Autism in the News: New Research and Resources
Members of the Cincinnati Children’s team are currently involved in discovering and developing new treatments for kids with autism spectrum disorders. Learn about the latest research and parent resources.
Researchers Report Success in Treating CTD Autism Spectrum Disorder
Using a mouse model of autism, researchers at the University of Cincinnati (UC) and Cincinnati Children’s Hospital Medical Center have successfully treated an autism spectrum disorder characterized by severe cognitive impairment.
The research team, led by Joe Clark, PhD, a professor of neurology at UC, reported its findings in the July 2, 2012, issue of Journal of Clinical Investigation, a publication of the American Society for Clinical Investigation.
The disorder, creatine transporter deficiency (CTD) is caused by a mutation in the creatine transporter protein that results in deficient energy metabolism in the brain. Linked to the X chromosome, CTD affects boys most severely; women are carriers and pass it on to their sons.
The brains of boys with CTD do not function normally, resulting in severe speech deficits, developmental delay, seizures and profound mental retardation.
CTD is estimated to currently affect about 50,000 boys in the United States and is the second-most common cause of X-linked mental retardation after Fragile X syndrome.
Following CTD’s discovery at UC in 2000, researchers led by Clark at UC and Cincinnati Children’s discovered a method to treat it with cyclocreatine—also known as CincY, (pronounced cinci-why)—a manufactured form of creatine originally developed as part of a combination cancer therapy. They then treated genetically engineered mice as an animal model of the human disease.
“CincY successfully entered the brain and reversed the mental retardation-like symptoms in the mice, with benefits seen in nine weeks of treatment,” says Clark, adding that no harmful effects to the mice were observed in the study. “Treated mice exhibited a profound improvement in cognitive abilities, including recognition of novel objects, spatial learning and memory.”
As a repurposed drug (originally developed for another therapy), CincY has already been through part of the U.S. Food and Drug Administration (FDA) approval process.
UC’s Office of Entrepreneurial Affairs and Technology Commercialization has reached an agreement with Lumos Pharma, a privately held Austin, Texas, startup company based on UC technology, to develop and commercialize CincY.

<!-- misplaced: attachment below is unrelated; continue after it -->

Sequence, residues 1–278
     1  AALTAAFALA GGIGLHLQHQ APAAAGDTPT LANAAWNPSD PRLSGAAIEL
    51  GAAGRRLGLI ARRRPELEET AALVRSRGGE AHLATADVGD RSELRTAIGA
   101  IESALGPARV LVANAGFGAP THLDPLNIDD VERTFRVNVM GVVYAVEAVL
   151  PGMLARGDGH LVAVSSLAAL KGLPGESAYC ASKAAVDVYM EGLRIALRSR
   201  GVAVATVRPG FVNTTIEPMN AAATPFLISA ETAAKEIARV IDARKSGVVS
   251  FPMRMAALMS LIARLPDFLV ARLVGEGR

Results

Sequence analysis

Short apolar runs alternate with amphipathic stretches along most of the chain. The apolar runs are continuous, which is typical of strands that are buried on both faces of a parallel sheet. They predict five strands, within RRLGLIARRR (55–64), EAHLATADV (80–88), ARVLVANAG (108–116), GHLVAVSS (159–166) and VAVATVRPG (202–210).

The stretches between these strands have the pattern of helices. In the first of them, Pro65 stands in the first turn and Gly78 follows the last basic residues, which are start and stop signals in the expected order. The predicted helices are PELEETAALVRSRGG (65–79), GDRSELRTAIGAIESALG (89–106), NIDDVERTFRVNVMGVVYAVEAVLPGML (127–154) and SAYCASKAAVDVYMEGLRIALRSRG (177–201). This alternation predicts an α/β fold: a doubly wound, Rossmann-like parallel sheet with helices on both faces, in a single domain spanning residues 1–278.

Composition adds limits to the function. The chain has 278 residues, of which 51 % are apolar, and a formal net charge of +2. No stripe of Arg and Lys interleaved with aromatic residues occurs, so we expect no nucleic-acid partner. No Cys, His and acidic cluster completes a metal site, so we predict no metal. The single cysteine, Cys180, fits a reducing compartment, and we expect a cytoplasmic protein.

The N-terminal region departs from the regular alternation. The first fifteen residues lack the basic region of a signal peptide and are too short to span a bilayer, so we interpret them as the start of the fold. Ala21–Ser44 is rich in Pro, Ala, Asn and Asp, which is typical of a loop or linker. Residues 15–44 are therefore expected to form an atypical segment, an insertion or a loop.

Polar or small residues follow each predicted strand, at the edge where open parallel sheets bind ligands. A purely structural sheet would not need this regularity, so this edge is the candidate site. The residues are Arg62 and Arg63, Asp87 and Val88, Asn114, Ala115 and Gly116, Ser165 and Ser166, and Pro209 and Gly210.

Lumos Pharma plans to initiate a preclinical development plan supported by the National Institutes of Health Therapeutics for Rare and Neglected Diseases (TRND) program. The plan includes filing an Investigational New Drug (IND) application with the FDA prior to beginning a clinical trial.
Such a trial would be about three years away, Clark says.
“It has taken many years to get here and I am happy that our efforts have led to this translational effort to make a therapy available to those afflicted with CTD,” adds Clark. “We look forward to the day when patients will benefit from our work.”
The research by Clark’s team was supported by funding from the National Institutes of Health.
New Tool Kit Helps Parents Understand, Manage Behavioral Treatments
Behavior issues common in children and adolescents with autism, can quickly frustrate parents. Problem behavior – acting out, yelling, seeking attention and being aggressive – is hard on both the child and parents. To help get through these moments with less stress, it helps to have a behavior-management plan already in place.
Laura Srivorakiat, M.A., a doctoral student in clinical psychology at Cincinnati Children’s Hospital Medical Center, an Autism Treatment Network center, was part of the project.
The kit focuses on ways to encourage desirable behaviors and discourage problem behaviors. Parents of a newly diagnosed child will find this information especially helpful. But there’s a lot here for experienced parents as well. The methods prove helpful at any age.